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Old 06-18-2014, 05:13 PM   #11
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Glad your OK....underwear can be washed. Thanks for sharing for the benefit of others.
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Old 06-18-2014, 05:21 PM   #12
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I park on the flat at home and use masonry bricks for chocks. I leave the yellow chocks for the campground (don't want them to fade and crack in sun at home). But now may have to reconsider.
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Old 06-18-2014, 10:17 PM   #13
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Take those 'plastic' wheel chocks and toss them in the garbage.

Then do yourself a favor and buy some Race Ramps 'RUBBER' wheel chocks. These suckers are SUPER durable, very solid high quality product. Unlike plastic, they will NOT slide away no matter how smooth the surface is. You can drive over them, but will NOT crash even under 15,000lb trailer weight.

Before I bought them, I struggled with plastic and wooden chocks. Until I gave them a try. I will never look back. Unlike, plastic or wooden chocks, you don't even have to 'kick' them inside the tire in order to hold in place. You simply place them against the tire= done.

I use them to chock my 5'er. Even while working on my cars.

Amazon has them for around $60 for 4 of them. See link below;

http://www.amazon.com/Race-Ramps-RR-...pr_product_top

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Old 06-18-2014, 11:10 PM   #14
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Harbor freight also has a nice rubber chock. Think it runs about 7 bucks a pop.
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Old 06-19-2014, 08:42 AM   #15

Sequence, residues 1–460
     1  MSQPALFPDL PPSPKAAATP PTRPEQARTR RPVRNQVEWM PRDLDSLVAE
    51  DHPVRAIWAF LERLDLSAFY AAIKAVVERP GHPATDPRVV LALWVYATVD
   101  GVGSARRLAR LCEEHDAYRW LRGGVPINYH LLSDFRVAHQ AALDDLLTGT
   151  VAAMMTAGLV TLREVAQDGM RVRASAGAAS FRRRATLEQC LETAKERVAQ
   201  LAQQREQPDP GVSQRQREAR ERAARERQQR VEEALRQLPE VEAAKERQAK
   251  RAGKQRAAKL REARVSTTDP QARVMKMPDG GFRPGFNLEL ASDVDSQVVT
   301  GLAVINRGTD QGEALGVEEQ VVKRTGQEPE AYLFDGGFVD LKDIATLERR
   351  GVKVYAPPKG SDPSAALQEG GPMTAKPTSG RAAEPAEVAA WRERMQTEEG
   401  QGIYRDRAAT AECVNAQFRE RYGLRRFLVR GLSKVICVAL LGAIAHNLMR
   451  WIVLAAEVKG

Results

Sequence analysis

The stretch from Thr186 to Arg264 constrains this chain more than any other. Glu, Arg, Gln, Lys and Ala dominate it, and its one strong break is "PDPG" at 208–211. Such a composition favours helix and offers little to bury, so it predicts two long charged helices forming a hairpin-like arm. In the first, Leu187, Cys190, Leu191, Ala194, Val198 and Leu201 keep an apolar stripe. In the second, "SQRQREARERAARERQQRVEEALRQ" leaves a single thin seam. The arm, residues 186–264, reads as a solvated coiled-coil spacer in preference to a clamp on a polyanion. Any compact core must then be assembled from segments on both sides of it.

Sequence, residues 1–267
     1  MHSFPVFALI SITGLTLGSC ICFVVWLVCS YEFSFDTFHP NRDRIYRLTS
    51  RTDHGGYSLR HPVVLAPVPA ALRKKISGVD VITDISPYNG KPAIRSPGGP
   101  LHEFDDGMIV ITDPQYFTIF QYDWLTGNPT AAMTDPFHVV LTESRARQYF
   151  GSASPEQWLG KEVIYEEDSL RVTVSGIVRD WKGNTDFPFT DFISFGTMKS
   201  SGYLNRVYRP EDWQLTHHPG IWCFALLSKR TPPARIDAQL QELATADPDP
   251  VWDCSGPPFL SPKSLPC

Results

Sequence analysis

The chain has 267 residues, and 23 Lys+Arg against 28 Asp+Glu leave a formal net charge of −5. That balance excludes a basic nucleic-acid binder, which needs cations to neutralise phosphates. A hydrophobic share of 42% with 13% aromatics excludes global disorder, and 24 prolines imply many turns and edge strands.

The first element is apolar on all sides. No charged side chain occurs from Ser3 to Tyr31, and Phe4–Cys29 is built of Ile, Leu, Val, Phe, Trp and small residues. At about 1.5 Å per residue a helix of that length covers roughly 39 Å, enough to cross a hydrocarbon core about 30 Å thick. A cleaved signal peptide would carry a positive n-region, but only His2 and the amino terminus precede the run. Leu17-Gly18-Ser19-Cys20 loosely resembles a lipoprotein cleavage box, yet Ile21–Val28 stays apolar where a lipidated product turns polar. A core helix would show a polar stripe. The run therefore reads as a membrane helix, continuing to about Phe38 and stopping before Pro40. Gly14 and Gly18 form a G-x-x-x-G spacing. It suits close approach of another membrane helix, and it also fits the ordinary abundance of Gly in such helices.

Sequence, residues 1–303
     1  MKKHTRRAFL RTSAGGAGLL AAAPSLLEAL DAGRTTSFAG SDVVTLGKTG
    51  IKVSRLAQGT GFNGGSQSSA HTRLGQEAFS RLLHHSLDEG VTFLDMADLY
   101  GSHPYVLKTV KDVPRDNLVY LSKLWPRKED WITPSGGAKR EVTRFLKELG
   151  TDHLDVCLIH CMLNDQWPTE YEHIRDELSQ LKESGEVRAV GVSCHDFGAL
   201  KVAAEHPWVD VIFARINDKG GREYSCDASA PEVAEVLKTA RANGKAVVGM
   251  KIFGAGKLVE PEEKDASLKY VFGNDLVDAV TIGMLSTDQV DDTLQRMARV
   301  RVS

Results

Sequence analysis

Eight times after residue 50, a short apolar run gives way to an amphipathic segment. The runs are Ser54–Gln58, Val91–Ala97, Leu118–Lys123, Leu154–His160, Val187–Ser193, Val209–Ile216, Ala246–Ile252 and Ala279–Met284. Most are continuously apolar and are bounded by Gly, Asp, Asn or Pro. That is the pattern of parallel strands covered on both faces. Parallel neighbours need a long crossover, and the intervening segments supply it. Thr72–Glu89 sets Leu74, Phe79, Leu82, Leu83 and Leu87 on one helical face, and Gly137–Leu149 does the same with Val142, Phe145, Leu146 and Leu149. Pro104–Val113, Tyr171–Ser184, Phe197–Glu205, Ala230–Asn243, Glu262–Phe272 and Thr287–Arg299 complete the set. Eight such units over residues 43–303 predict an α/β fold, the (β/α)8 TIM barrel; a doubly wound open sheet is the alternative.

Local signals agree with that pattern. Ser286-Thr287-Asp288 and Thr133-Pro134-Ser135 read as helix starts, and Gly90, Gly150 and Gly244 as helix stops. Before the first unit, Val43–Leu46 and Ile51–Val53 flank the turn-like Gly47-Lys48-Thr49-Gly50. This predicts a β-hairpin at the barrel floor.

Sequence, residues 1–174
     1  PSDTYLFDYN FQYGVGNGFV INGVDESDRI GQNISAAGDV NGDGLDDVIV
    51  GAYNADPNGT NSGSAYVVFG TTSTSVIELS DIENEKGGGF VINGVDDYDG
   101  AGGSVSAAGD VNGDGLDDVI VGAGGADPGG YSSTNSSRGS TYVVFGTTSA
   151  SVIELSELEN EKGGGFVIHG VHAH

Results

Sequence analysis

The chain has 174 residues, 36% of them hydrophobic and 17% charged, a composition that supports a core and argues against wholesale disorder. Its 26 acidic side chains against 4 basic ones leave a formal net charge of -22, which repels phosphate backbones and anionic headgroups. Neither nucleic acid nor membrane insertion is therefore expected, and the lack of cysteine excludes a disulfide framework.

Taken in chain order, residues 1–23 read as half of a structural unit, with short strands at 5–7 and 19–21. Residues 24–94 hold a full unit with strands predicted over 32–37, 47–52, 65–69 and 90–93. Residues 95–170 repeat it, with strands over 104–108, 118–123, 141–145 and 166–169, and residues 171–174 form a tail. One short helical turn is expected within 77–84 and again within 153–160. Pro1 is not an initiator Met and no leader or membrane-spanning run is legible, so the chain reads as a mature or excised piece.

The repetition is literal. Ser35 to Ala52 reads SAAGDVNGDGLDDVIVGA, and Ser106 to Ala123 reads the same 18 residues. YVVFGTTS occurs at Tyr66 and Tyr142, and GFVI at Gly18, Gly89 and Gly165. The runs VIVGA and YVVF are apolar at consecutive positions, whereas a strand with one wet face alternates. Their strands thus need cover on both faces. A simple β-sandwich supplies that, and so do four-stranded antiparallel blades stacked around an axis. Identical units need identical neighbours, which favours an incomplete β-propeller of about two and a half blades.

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Really would like an honest answer. Why not just use good ol wooden blocks made from stacked 2x6's or an 8" length of 4x4. I have never had one fail, don't fall apart if I forget and leave one behind, and if I see rot or what not I can replace them from scrap in my work shop. They don't add any appreciable weight to the tow and the extras can be used as additional leg support lifts if needed.
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Old 06-19-2014, 09:09 AM   #16
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How many chocks were you using? I have an Eagle HT and use four due to my rig being parked on a slight incline. Strength in numbers maybe?
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Old 06-19-2014, 10:17 AM   #17
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Quote:
Originally Posted by Bassdogs View Post
Really would like an honest answer. Why not just use good ol wooden blocks made from stacked 2x6's or an 8" length of 4x4. I have never had one fail, don't fall apart if I forget and leave one behind, and if I see rot or what not I can replace them from scrap in my work shop. They don't add any appreciable weight to the tow and the extras can be used as additional leg support lifts if needed.
I agree. And I am curious to see any answers against wood chocks. Maybe we are missing something?
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Old 06-19-2014, 11:01 AM   #18
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At home I use treated 4x4. 8 in long w/ a 45 deg angle cut.
On the road I use RotoChoks.
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Old 06-19-2014, 01:21 PM   #19
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I either hold the brakes on manually or pull the emergency brake plug out on both hook and unhook. 7 pin cable is "first in - last out" so I can utilize brakes.
Some say you should not pull breakaway plug, but I do..
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Old 06-20-2014, 07:01 AM   #20
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chocks

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How many chocks were you using? I have an Eagle HT and use four due to my rig being parked on a slight incline. Strength in numbers maybe?
Actually I was using two, one on each side. The one collapsed and the other seemed to have just been rolled up and over but did not collapse. I am going with the rubber now. The amazon link is great but I think overpriced. I am going to my local truck depot and see what they are using.
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